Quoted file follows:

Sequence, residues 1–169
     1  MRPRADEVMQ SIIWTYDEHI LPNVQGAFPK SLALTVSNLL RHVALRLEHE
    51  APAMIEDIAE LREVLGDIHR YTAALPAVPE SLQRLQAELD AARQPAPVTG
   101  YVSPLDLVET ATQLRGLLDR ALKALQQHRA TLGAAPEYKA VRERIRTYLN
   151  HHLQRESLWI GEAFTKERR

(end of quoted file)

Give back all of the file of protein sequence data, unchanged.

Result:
Sequence, residues 1–169
     1  MRPRADEVMQ SIIWTYDEHI LPNVQGAFPK SLALTVSNLL RHVALRLEHE
    51  APAMIEDIAE LREVLGDIHR YTAALPAVPE SLQRLQAELD AARQPAPVTG
   101  YVSPLDLVET ATQLRGLLDR ALKALQQHRA TLGAAPEYKA VRERIRTYLN
   151  HHLQRESLWI GEAFTKERR